Children, by nature, are playful, loud, sociable and very active but you may find that your child is a bit different. Maybe she needs a lot of down time, doesn’t participate a lot at school, spends a lot of time alone, and only has a very small circle of friends. Do you feel confused as a parent? Relax, she might simply be introverted.
Being introverted is not a choice but a real personality trait, it is down to biology. Introverts are perfectly normal children, they simply interact with people differently and draw energy from alone-time rather than socialising.
What are the signs your child is introverted?
- They might throw tantrums easily after a busy day: introverted children can be easily over- stimulated, their brains are wired to pick up more stimuli on their environment. This gives them fantastic awareness of their surroundings but it also means they will get tired much quicker when around people.
- They have rich inner lives and high empathy levels: they have complex and deep thought processes, can be extremely creative, and they tend to be very empathic.
- They might prefer to play alone: solitude comes easily to introverts, especially in new environments. They might take a little longer than other children to adapt.
- They might do a lot of self-talk: they might talk a lot to their toys and express their feelings and thoughts to them. They need a private space where they can process all their thoughts and feelings.
- They might struggle in group settings: introverts thrive in solitude. They might struggle with the current school set up in which they have to interact with others for 7-8 hours per day. During their early years introverts do better at home and they tend to adapt better to groups as they grow older.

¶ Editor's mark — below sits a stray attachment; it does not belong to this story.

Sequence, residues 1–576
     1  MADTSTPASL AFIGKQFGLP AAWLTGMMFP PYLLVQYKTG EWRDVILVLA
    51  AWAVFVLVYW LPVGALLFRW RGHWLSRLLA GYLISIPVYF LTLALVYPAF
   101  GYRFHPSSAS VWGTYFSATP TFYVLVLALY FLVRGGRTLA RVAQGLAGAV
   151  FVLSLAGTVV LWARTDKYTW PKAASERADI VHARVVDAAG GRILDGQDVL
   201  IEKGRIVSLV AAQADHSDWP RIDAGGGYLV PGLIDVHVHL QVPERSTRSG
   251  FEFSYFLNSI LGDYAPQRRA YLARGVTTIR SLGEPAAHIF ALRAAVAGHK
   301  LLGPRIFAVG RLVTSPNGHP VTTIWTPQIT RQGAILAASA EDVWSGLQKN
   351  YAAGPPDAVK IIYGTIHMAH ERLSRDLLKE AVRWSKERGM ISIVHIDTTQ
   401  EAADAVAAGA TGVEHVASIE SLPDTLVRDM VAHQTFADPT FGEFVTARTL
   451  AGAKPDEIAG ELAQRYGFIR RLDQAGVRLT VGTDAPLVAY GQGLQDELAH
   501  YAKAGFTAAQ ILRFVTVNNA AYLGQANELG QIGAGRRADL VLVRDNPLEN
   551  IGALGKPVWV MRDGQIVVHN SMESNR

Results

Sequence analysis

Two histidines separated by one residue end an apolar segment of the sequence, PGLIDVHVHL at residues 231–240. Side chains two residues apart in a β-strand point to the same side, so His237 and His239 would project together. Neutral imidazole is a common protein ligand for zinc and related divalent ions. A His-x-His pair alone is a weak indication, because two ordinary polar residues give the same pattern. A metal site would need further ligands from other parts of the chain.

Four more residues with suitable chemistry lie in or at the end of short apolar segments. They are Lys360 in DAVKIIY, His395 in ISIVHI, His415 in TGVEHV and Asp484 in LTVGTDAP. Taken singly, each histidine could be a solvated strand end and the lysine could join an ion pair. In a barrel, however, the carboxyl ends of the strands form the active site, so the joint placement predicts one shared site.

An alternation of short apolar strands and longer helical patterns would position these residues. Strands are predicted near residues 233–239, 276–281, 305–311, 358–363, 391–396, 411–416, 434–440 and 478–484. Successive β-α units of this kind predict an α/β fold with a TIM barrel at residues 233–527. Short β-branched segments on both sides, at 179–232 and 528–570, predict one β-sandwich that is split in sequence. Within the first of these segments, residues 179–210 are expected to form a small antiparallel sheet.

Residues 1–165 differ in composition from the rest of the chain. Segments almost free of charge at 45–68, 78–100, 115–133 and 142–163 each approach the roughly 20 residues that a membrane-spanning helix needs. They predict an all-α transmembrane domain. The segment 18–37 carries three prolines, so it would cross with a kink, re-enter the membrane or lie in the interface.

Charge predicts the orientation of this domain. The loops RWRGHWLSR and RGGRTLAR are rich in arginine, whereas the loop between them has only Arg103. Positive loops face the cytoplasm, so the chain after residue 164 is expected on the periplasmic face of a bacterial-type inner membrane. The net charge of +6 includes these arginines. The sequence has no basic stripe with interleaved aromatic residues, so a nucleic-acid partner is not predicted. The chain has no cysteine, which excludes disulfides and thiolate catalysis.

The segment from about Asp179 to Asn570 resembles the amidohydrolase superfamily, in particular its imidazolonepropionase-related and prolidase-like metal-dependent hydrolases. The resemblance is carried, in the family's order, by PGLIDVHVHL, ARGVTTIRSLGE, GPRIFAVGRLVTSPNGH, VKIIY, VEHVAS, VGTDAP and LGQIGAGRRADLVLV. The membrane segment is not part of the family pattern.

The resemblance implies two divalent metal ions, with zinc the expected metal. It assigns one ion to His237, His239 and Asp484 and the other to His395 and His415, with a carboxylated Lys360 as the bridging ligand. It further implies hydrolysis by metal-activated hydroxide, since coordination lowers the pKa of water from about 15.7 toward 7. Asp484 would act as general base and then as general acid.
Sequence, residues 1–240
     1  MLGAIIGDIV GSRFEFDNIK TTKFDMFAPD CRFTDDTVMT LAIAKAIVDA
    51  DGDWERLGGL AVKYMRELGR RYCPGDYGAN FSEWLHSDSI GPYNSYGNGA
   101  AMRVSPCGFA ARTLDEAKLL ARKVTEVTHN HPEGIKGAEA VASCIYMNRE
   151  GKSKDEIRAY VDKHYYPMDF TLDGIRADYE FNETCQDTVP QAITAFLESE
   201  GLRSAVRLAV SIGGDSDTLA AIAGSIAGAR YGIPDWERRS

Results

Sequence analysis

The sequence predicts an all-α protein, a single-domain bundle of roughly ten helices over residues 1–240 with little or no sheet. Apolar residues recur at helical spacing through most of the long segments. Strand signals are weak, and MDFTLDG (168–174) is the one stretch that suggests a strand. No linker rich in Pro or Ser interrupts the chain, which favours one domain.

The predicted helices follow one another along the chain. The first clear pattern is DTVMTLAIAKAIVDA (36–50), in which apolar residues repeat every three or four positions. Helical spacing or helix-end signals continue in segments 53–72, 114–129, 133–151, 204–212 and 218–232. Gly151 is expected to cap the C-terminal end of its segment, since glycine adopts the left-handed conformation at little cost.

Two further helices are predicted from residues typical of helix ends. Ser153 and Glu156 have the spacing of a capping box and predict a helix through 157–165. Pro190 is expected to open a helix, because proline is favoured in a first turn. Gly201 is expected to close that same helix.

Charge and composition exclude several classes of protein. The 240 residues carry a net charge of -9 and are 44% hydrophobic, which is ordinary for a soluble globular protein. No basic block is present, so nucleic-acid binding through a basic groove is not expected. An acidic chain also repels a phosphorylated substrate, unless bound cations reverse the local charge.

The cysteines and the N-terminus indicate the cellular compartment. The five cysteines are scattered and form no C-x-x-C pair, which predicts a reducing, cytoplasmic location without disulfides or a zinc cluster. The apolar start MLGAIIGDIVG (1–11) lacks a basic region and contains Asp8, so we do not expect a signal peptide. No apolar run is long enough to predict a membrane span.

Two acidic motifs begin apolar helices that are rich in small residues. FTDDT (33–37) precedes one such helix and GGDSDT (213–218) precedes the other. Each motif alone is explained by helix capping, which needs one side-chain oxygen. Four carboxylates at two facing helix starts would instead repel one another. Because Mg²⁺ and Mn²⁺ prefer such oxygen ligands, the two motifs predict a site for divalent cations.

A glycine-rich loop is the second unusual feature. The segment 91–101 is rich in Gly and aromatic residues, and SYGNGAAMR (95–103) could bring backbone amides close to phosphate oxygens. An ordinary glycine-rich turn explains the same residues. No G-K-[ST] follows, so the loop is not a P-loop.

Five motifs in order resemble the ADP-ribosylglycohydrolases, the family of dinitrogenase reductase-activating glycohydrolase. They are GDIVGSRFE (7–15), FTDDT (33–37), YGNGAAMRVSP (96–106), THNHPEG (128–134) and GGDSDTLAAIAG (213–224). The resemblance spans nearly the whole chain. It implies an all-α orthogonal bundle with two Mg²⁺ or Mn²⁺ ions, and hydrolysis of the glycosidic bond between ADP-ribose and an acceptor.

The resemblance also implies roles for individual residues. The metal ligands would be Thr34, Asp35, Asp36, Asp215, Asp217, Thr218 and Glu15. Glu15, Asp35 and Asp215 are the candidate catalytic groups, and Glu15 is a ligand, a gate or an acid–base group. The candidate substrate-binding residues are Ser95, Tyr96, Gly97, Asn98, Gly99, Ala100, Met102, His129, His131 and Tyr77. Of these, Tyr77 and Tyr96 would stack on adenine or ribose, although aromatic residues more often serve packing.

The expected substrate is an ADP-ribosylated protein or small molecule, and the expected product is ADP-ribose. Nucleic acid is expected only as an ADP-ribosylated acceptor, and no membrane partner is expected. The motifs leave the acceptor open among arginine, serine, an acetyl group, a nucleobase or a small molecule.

- They make decisions based on their own values: their world is naturally drawn inwards. They are not crowd-followers which makes them less likely to be affected by peer pressure.
How can you help your introverted child?
- Ensure you don’t overload them with activities: Allow them time to wind down and be with their feelings and emotions.
- Honour their temperament: help them to understand why they are tired and cranky after socialising.
- Talk to their teachers about their introversion: help them to understand your child.
- Encourage your child to take time out from socialising: it is good for them to know that it’s ok to take some time for themselves.
- Make sure they feel heard: it is easy for introverts to feel unheard, speak with them and teach them to express themselves.
- Don’t label you’re your child as shy: introversion is a personality trait, shyness is based on insecurity and they are very different things. An introverted child can still be confident and self-assured.
- Don’t worry if they don’t have many friends: they prefer quality over quantity and they thrive better in one to one interactions.
- Teach them to stand up for themselves: help them to say “stop” and “no” particularly in schools situations in which she might be feeling overwhelmed by others.
- Help your child to develop their passions: introverts can excel at what they do if they are given the right support, they might be interested in science, maths, cosmology, or spirituality rather than in being involved in large group activities.